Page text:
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This article was originally published by APC member organisation 7amleh

Palestinian civil society organizations condemn the selection of Emi Palmor, the former General Director of the Israeli Ministry of Justice, to Facebook’s Oversight Board and raises the alarm about the impact that her role will play in further shrinking the space for freedom of expression online and the protection of human rights. While it is important that the Members of the Oversight Board should be diverse, it is equally essential that they are known to be leaders in upholding the rule of law and protecting human rights worldwide. 

Under Emi Palmor’s direction, the Israeli Ministry of Justice petitioned Facebook to censor legitimate speech of human rights defenders and journalists because it was deemed politically undesirable. This is contrary to international human rights law standards and recommendations issued by the United Nations (UN) Special Rapporteur on the promotion and protection of the right to freedom of opinion and expression, as well as digital rights experts and activists which argue that censorship must be rare and well justified to protect freedom of speech and that companies should develop tools that “prevent or mitigate the human rights risks caused by national laws or demands inconsistent with international standards.” The selection of Emi Palmor raises concerns that Facebook has failed to adequately take into account the recommendations of civil society organisations, activists and international experts on freedom of expression and that the Facebook Oversight Board may, in particular, lead to further restrictions on freedom of expression online and undermine the voices of Palestinian, Arab and Muslim communities and their supporters worldwide as has been well documented by academics and civil society organizations.

During Palmor’s time at the Israeli Ministry of Justice (2014-2019), the Ministry established the Israeli Cyber Unit, or ‘Internet Referral Unit,’ whose work has deliberately targeted and resulted in the takedowns of tens of thousands of Palestinians’ content, and imposed severe limitations on freedom of expression and opinion, especially about Palestine, which has also disproportionately impacted Arabs and Muslim communities worldwide. Adalah, and other civil society organizations have highlighted that the Israeli Cyber Unit itself is illegally issuing requests to social media providers to actively censor content on their websites.  Even though the requests of the Israeli Cyber Unit to social media providers are not public, for years, civil society organizations have seen first hand how Israeli government requests and the use of machine-learning algorithms to detect so-called ‘extremist content’ has created hundreds of thousands of false positives and damaged human rights content.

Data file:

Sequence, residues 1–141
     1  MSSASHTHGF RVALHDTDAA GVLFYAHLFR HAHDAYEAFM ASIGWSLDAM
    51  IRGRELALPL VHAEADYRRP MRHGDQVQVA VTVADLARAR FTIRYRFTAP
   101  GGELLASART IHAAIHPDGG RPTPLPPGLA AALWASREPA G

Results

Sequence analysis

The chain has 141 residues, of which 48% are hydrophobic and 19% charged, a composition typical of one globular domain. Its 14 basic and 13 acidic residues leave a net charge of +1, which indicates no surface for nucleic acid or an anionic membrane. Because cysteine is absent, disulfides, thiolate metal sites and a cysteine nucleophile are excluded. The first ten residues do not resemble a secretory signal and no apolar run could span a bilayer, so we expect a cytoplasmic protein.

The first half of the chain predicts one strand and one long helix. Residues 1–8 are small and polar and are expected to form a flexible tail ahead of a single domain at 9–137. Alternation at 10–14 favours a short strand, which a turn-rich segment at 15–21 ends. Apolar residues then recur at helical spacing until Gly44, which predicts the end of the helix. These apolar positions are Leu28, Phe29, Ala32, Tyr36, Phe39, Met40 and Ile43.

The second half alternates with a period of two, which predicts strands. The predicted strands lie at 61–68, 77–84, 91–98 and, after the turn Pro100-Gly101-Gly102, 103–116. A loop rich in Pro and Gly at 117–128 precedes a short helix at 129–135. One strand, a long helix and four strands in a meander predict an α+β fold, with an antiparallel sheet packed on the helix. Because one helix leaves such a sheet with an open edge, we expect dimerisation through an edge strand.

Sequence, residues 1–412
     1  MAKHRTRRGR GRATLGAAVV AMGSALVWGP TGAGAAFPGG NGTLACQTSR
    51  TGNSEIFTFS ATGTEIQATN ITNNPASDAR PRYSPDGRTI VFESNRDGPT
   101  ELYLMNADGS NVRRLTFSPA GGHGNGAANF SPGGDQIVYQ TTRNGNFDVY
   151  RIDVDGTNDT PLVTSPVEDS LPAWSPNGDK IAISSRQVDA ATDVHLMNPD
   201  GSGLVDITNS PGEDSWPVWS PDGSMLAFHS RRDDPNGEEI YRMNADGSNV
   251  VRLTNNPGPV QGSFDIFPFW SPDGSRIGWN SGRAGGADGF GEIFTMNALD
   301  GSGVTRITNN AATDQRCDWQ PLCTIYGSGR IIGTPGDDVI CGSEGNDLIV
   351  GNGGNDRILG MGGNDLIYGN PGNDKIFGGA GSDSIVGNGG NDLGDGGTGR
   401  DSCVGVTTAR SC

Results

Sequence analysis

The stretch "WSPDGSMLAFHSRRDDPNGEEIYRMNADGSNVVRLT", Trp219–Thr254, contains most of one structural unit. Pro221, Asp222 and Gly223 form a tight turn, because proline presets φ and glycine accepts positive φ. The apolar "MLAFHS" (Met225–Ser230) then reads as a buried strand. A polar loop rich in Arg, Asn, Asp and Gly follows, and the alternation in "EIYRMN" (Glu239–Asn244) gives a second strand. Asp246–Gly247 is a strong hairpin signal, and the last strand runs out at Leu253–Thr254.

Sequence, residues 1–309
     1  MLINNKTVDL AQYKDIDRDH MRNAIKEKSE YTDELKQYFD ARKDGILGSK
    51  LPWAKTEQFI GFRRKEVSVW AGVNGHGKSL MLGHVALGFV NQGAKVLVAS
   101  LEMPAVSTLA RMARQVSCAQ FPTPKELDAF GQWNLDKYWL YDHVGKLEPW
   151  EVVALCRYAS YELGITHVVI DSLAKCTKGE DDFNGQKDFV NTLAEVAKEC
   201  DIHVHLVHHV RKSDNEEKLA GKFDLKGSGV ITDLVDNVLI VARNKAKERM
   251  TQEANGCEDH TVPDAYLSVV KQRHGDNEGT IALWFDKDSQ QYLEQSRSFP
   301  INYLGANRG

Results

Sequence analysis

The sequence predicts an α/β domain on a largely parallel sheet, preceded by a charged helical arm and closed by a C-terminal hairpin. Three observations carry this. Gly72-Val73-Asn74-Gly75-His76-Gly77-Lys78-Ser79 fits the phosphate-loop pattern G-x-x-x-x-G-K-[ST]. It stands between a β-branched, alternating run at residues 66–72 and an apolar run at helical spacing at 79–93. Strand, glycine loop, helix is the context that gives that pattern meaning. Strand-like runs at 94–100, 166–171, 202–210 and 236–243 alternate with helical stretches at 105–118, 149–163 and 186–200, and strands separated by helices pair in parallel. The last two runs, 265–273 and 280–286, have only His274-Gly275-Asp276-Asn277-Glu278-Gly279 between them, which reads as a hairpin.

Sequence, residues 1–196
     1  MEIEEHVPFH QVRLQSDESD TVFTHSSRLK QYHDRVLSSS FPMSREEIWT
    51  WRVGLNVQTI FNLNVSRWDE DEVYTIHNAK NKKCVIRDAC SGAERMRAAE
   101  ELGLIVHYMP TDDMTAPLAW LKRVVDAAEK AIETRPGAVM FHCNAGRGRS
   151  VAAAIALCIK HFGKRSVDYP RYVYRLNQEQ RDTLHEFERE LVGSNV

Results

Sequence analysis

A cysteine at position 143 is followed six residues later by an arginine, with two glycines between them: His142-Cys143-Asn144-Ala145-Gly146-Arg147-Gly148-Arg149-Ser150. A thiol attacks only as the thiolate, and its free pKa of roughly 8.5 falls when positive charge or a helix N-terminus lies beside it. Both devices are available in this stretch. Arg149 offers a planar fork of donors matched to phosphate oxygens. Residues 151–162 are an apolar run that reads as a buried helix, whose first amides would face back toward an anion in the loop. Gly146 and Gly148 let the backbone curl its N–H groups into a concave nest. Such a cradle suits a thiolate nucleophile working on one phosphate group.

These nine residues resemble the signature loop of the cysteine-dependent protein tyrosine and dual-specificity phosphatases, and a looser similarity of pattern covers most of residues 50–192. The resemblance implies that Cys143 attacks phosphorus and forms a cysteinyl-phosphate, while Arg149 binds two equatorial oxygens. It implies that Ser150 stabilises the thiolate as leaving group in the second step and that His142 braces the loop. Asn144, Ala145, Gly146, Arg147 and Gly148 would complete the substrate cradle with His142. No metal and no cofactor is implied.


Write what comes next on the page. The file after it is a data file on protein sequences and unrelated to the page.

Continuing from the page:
In 2017, the second year that the Israeli Cyber Unit was established, there was a 500 percent increase in content takedowns. In 2018, the year before Emi Palmor’s final year as General Manager, 14,285 takedowns were documented. At the same time, research into incitement to racial hatred against Palestinians online has shown that there were inciting posts in Hebrew directed towards Palestinians online every 66 seconds in 2018, while no interest was shown in combating such racist content against Palestinian Arabs. Additionally, as documented in Facebook’s Transparency Report, since 2016, there has been an increase in the number of Israeli government requests for data, which now total over 700, 50 percent of which were submitted under ‘emergency requests’ and were not related to legal processes. These are not isolated attempts to restrict Palestinian digital rights and freedom of expression online. Instead, they fall within the context of a widespread and systematic attmept by the Israeli government, particularly through the Cyber Unit formerly headed by Emi Palmor, to silence Palestinians, to remove social media content critical of Israeli policies and practices and to smear and delegitimize human rights defenders, activists and organizations seeking to challenge Israeli rights abuses against the Palestinian people.

Palestinian civil society, comprising of the undersigned Palestinian networks, which include dozens of member organizations, urge Facebook and its Oversight Board to consider the grave consequences that electing Emi Palmor may have particularly on Palestinian human rights defenders and on freedom of expression online in defence of Palestinian rights. Our organizations represent diverse voices from Palestinian civil society and human rights defenders, many of which are award-winning human rights organizations. Several of our organizations and their members themselves continue to suffer from targeted Israeli smear and delegitimization campaigns for their human rights work both online and offline, including censorship of their legitimate human rights work on Facebook’s platforms and have been working tirelessly in recent years to bring Facebook's policies and practices in line with international human rights standards and norms to uphold Palestinian digital rights.

Palestine Digital Rights Coalition

Palestinian Human Rights Organizations Council 

Palestinian Non-Govermental Organizations Network